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Nurses across Canada are quitting their jobs and leaving because of pandemic stress

Concerns have been voiced over the exodus of experienced nurses who are quitting their jobs or moving into less demanding positions. It’s happening across Canada, across Ontario as well as here in Sudbury.

The issue is discussed in the most recent issue of the Canadian Medical Association (CMAJ) journal.

The article noted that at the end of 2020, job vacancies in Canada’s health care sector hit a record high of 100,300, up more than 56 per cent from the previous year. It was reported that emergency departments and intensive care units are disproportionately affected.

More recently, the concern was echoed in a recent survey carried out by the Registered Nurses’ Association of Ontario (RNAO). Results of the survey were released at the end of March.

RNAO said based on the survey, the “exodus” of nurses was “alarming”. The survey was conducted from late January to mid-February taking responses from more than 2,100 registered nurses (RN), nurse practitioners (NP) and nursing students working in Ontario. The survey sourced data from nurses in all domains of practice and across all sectors of the health system, including hospitals and long-term care.

Most survey respondents — 95.7 per cent — said the pandemic affected their work, with a majority of nurses reporting high or very high stress levels.

CONSTANT BURNOUT

This story has hit home in Sudbury where one nurse sent an email to Sudbury.com about their feelings on how the pandemic and its demands have impacted them. The nurse asked that their name not be used.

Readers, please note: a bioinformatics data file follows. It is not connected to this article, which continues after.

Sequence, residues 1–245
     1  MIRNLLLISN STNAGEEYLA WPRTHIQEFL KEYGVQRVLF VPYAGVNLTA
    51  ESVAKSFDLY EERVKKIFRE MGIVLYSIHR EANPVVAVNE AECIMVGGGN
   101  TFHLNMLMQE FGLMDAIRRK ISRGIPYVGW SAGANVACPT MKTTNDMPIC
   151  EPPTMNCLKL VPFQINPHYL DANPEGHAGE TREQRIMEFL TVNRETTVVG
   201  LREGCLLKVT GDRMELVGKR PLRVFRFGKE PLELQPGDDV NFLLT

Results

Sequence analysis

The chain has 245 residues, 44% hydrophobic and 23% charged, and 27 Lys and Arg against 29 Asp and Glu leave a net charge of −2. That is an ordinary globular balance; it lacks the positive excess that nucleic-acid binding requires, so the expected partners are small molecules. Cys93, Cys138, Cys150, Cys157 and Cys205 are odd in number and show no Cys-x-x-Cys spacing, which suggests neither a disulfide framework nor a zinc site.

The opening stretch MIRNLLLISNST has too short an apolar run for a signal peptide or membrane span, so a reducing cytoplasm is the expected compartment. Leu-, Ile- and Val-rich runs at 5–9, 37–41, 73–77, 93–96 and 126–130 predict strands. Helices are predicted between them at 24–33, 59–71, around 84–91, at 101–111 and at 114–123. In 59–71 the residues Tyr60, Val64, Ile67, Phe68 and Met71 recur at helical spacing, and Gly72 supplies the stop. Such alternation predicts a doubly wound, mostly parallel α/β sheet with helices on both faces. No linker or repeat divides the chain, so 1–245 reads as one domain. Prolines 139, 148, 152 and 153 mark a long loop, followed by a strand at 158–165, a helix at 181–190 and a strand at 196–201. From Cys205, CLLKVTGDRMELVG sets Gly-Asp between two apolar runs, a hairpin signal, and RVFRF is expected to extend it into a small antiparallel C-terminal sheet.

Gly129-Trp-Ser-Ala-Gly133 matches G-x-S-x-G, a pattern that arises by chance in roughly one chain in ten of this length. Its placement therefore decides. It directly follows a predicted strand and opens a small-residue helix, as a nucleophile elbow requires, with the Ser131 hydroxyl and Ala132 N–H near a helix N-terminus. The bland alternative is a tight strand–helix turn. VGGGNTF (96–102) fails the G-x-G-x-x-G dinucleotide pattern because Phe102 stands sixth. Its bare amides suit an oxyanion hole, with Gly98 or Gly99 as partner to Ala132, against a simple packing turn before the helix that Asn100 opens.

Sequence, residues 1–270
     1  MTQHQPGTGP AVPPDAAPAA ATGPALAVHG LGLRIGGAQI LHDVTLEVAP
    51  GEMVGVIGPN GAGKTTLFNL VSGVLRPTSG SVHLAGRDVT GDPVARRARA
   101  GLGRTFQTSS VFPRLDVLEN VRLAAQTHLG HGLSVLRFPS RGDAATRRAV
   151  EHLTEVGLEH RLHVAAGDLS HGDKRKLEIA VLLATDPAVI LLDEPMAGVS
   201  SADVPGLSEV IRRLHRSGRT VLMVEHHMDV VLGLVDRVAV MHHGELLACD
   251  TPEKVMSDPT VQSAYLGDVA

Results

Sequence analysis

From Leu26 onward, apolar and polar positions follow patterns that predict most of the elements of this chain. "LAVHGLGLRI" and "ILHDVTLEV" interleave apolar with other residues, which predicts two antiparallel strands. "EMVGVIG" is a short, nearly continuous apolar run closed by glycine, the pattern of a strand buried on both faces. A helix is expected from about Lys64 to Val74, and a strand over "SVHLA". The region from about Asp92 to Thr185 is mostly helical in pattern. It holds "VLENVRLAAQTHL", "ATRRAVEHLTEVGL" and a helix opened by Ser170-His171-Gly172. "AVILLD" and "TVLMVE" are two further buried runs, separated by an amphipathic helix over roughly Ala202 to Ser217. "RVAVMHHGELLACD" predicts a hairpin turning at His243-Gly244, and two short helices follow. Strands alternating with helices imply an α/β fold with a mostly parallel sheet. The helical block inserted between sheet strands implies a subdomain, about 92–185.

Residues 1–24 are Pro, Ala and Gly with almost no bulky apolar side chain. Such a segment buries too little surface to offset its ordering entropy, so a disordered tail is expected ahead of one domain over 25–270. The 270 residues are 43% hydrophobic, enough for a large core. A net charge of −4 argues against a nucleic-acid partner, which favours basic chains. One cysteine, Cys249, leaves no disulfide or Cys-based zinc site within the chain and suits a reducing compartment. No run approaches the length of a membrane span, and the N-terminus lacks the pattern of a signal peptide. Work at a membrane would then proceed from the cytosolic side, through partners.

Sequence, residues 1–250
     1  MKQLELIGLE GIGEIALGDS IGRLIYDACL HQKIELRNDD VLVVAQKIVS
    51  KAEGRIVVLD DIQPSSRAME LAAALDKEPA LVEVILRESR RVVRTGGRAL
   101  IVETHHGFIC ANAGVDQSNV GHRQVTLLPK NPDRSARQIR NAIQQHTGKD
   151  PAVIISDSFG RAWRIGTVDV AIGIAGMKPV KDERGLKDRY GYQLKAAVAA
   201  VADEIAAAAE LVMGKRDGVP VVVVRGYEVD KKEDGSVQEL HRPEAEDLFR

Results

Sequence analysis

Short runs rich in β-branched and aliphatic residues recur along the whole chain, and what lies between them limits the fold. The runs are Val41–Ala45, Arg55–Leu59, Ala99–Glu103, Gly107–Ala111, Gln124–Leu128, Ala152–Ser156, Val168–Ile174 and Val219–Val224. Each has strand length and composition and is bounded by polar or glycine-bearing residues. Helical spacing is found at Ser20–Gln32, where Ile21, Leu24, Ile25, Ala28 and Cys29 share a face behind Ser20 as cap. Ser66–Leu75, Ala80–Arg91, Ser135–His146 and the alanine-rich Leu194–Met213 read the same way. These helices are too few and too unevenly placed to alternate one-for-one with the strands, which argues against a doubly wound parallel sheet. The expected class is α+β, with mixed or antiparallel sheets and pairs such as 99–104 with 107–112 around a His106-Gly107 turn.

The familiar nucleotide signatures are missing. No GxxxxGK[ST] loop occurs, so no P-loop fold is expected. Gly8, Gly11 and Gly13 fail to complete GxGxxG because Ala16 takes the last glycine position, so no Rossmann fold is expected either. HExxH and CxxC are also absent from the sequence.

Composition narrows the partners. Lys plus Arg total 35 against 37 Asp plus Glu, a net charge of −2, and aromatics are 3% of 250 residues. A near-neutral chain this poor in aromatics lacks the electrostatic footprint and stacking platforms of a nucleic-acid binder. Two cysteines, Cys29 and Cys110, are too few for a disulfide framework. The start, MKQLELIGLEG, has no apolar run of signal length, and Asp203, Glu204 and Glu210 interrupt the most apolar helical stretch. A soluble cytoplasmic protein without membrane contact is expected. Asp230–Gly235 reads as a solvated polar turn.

“I know we are in a dangerous situation, but I believe that the real threat is not being addressed. We are already experiencing a huge nursing shortage, and it is going to get much worse if something is not addressed soon.”

In the email, the nurse said the job is stressful on the best of days, but being able to relax and wind down on days off is not what it used to be.

“Due to the lockdowns and restrictions, nurses are no longer able to ‘destress’ and so many of us are in a constant state of burnout,” said the nurse.

“We need to be able to relax and recharge. We need to be able to see our loved ones and enjoy life again. I joined nursing as a second career, and I can’t tell you how many times in the past year I have considered returning to my previous career.

“We are hailed as heroes, but right now, I just feel like an overworked tool. If you compare nurses to soldiers, we are like infantry being sent into battle every day with minimal rations, no reprieve, dwindling numbers, and a constant message in the media that we are ‘losing the battle’.”

Checking out the careers section of the HSN website, there were 29 current job postings for nursing positions. There were 16 current job postings for registered nurses and nine current postings for registered practical nurses. Other career notices revealed an additional four postings for various types of registered nursing positions.

In many cases, the postings were for temporary and part-time positions and many were offered with possibility of extensions.

A general description in the job postings page said candidates could expect to be assigned to one of many nursing positions. The posting also said “while these opportunities could be in any department across HSN, we have an immediate need within our acute care settings.”

Concerns were also raised that an increasing number of those in the nursing profession are younger and less experienced.

For example, the median age of emergency department nurses in Ontario’s Brant Community Healthcare System is a decade younger than it was one year ago due to recent retirements and departures for other positions, according to Tammy Coates, a nurse and the clinical manager of the department, said the CMAJ article.
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